These bad boys packed a tasty wasabi fueled punch.  Again, I was interested to see how Hagi stacked up on a known favorite from Village Yokocho.  As with the octopus balls, size of the protein was bigger.  Hagi’s pork had a very coarse grind, where as at Village Yokocho the grind is finer.  Again, the stack-up here is tough call.  The only thing I can think to do is to take a day and head to each with Fayaz and implement a proper comparison.  (Too spicy for Meg’s taste.)


Rice Ball

The rice ball really wasn’t much of a ball at all, but more of a rice triangle with a small dent in the middle filled with Salmon.  This dish was probably my least favorite  of everything ordered.  All-in-all it was just fairly bland.  A rice triangle, with a crispy outside, chewy inside, and some salmon flavor.  Still, if I’m throwing back the beers at Hagi while watching a game on the flat screen, I could see where this simple, filling rice dish might have it’s place.



Spaghetti with Flying Fish Roe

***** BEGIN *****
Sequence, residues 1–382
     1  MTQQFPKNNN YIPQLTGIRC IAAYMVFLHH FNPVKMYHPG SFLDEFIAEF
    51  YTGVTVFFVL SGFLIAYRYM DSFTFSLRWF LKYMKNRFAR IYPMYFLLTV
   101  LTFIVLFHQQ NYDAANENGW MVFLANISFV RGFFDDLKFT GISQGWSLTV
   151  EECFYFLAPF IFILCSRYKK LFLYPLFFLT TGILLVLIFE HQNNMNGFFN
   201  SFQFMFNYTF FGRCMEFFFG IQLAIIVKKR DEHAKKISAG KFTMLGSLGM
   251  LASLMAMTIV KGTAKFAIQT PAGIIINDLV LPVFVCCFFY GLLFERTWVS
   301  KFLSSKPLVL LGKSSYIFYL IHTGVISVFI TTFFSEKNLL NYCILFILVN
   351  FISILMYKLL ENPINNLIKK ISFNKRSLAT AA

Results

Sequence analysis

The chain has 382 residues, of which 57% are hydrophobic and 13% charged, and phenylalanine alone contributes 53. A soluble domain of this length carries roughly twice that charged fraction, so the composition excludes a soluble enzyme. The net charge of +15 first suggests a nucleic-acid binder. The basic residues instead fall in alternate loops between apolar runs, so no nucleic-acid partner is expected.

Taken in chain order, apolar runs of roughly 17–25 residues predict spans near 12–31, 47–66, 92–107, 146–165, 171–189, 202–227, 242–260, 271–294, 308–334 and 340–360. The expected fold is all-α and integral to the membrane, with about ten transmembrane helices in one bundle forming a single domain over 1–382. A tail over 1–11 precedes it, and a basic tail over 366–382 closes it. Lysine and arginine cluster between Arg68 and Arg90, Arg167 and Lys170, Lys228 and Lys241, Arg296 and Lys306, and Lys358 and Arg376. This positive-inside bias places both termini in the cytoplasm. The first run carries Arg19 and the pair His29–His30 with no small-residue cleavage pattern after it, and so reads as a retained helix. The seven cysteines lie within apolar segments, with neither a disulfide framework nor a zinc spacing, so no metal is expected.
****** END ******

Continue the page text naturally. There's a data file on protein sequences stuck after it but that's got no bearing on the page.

Meg had sampled this dish at the encouragement of a friend the first time she came to Hagi and was determined to try it again.  It takes a lot for a dish to make me think to myself, “WTF is going on here?!” and this plate of spaghetti definitely made me do that in a very good way.  I liked, but didn’t love this dish.  Still it was exciting to try something so different.  The base of the sauce on the spaghetti seemed to be mayonnaise or cream based–maybe a little to much mayo for my taste.   The fish roe and a good level of saltiness and some interesting texture.  There were some other flavors at play but, like so much of what I tried,  I had trouble picking them out of the shuffle.